Using retrospective data, Matsuo et al used the SEER database to show expected outcomes for each new stage. They highlighted the importance of splitting Stage IB from two subgroups to three subgroups, reflecting the improved outcomes for patients with tumors localized to the cervix with smaller (< 2 cm) tumors over those patients with larger (> 2 cm) tumors. The new 2018 FIGO staging also differentiates tumors < 2 cm in other important ways. For instance, fertility-sparing radical trachelectomy is best suited for patients with cervical tumors < 2 cm, per the National Comprehensive Cancer Network guidelines. Also, there is interest in allowing less radical surgery for patients with tumors < 2 cm with other low-risk tumor characteristics such as stromal invasion < 10 mm, no lympho-vascular space invasion, and squamous, adeno- or adenosquamous histology.4 This idea of offering less radical surgery to select early-stage cervical cancer patients is part of the impetus driving the development of the Querleu-Morrow classification for radical hysterectomy.5 This radical hysterectomy classification system describes a less-radical modified radical hysterectomy where the parametria are transected halfway between the cervix and the ureter.
In addition to the new FIGO staging system and its validation, surgical treatment of early-stage cervical cancer has changed substantially. Two recently published large studies showed poorer oncologic outcomes for patients with early-stage cervical cancer when treated with laparoscopy (with or without robotic assistance) compared with laparotomy.6,7 Combining the randomized prospective data from Ramirez et al6 with the Melamed et al7 cohort study using the SEER database revealing essentially the same worsened outcomes for early-stage, potentially curable, cervical cancer patients, most gynecologic oncologists have moved back to a laparotomy. Even those with microscopic cervical malignancy now are counseled on the recent studies and are considered for a vaginal or laparotomy approach. Although it is unknown at this time exactly what aspects of laparoscopy and robotic surgery lead to increased recurrence and cervical cancer deaths in early-stage patients, some theories have evolved: use of the uterine manipulator disrupting the tumor and stimulating metastasis, and CO2 insufflation causing dispersion of tumor cells or influencing inflammation in a way that encourages metastasis.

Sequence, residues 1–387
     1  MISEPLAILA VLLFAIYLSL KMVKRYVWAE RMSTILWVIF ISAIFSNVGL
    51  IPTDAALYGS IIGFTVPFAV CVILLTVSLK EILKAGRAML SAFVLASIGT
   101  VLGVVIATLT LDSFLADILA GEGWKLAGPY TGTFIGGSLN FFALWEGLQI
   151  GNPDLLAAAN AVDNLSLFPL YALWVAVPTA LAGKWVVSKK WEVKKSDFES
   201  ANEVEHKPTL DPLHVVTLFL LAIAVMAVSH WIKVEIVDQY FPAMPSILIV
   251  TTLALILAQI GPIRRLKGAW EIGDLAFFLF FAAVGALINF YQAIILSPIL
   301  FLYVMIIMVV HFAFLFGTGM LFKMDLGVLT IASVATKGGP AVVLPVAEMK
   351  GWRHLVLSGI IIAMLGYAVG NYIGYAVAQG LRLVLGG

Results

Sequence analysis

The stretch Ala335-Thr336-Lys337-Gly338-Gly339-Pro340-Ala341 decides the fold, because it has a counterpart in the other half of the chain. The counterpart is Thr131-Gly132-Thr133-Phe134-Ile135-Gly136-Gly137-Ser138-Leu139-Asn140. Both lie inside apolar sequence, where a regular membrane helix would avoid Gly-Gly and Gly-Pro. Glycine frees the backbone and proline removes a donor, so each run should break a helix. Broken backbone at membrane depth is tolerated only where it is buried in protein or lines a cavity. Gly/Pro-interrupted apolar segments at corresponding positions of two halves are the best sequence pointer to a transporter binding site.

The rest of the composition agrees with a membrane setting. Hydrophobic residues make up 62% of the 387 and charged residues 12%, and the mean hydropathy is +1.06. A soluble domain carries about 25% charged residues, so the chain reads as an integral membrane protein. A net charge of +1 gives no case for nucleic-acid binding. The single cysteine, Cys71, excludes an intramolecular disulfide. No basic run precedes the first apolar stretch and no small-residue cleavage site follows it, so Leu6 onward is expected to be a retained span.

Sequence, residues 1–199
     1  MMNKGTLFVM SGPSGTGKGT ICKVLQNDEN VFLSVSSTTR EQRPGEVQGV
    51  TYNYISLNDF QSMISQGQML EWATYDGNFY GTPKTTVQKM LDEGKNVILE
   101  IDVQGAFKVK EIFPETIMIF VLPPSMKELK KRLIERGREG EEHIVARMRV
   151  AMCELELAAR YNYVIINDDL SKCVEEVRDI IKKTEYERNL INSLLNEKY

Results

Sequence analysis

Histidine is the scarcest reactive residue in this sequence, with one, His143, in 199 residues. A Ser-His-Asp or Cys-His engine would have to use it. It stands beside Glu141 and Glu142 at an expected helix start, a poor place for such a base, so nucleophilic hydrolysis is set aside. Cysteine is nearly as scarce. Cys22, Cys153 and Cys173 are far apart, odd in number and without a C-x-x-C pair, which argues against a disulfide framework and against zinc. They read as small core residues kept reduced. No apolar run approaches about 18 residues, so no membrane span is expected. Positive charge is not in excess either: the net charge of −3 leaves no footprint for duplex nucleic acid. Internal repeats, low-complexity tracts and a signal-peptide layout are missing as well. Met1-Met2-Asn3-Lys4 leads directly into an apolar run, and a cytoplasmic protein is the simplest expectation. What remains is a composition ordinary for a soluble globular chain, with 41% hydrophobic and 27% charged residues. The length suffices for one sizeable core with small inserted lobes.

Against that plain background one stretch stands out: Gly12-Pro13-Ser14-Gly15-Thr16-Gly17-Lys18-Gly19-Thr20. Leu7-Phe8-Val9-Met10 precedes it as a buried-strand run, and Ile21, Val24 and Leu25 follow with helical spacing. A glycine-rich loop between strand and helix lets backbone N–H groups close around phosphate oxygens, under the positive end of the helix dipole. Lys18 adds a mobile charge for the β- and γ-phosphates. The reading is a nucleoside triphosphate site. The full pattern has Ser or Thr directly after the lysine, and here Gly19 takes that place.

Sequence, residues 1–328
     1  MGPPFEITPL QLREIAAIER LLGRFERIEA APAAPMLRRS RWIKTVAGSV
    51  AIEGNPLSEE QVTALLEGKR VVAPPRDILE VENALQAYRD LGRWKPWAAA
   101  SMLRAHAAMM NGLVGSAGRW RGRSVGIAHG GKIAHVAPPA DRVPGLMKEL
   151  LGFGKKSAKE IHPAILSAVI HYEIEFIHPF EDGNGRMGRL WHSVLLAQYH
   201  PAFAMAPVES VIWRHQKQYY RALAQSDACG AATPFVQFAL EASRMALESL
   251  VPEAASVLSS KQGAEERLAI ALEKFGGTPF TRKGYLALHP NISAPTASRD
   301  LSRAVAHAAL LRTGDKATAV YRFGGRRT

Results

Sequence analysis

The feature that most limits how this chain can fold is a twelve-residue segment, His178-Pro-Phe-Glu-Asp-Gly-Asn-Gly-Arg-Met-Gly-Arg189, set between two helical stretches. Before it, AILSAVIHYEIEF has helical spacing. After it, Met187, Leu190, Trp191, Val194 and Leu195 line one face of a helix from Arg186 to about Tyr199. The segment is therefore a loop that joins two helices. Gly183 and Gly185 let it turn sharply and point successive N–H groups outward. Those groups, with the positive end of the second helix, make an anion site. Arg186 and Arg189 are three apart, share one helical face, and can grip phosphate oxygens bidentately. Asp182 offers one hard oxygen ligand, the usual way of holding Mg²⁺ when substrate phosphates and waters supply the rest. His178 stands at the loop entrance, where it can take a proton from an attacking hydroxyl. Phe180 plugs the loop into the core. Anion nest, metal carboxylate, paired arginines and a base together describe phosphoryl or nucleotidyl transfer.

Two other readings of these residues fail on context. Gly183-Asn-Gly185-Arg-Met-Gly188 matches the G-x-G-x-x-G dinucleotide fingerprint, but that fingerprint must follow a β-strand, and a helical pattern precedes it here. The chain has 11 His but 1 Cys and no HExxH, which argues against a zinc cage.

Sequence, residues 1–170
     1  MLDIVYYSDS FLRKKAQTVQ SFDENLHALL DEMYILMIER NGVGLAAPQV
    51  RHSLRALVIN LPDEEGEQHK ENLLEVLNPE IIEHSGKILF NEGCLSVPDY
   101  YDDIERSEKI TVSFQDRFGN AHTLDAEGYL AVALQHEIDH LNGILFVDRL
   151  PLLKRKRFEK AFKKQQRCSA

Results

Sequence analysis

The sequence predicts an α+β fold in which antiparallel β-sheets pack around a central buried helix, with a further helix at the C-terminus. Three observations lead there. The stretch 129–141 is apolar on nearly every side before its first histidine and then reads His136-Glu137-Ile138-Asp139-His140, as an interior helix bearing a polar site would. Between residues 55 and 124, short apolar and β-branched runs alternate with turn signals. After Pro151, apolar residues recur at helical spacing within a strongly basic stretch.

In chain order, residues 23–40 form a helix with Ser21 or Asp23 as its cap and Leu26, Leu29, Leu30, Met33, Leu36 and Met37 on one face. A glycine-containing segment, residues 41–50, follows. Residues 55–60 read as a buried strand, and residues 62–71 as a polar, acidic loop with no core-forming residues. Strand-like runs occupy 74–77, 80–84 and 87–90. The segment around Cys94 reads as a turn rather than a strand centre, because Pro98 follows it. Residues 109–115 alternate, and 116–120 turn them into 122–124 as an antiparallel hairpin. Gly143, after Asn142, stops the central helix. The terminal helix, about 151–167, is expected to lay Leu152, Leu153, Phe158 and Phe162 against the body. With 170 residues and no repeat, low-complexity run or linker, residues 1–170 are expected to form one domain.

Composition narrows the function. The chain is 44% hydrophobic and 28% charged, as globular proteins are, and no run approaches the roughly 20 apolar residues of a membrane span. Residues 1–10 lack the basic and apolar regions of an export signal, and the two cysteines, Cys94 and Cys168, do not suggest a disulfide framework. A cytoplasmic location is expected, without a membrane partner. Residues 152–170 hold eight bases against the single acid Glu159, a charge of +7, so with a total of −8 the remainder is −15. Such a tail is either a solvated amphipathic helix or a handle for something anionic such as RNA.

Given the recent changes in cervical cancer staging and treatment, it is more important than ever when discussing cervical cancer with patients to be specific and detailed regarding findings on exam, radiology, and pathology and recommendations for treatment. I suggest stating the actual tumor size or the staging system used when discussing early cervical cancers. In addition, when surgical treatment for the patient is appropriate, clarity regarding surgical approach and extent of radicality are crucial. In particular, for the general gynecologist who occasionally performs a simple hysterectomy for patients with Stage IA1 cervical cancer, knowing the new FIGO 2018 staging system and counseling the patient on a nonlaparoscopic approach are prudent.
Financial Disclosure: OB/GYN Clinical Alert’s Editor Jeffrey T. Jensen, MD, MPH, reports that he is a consultant for and receives grant/research support from ObstetRx, Bayer, Merck, and Sebela; he receives grant/research support from Abbvie, Mithra, and Daré Bioscience; and he is a consultant for CooperSurgical and the Population Council. Peer Reviewer Catherine Leclair, MD; Nurse Planner Andrea O’Donnell, FNP; Editorial Group Manager Leslie Coplin; Editor Jonathan Springston; and Accreditations Manager Amy M. Johnson, MSN, RN, CPN, report no financial relationships relevant to this field of study.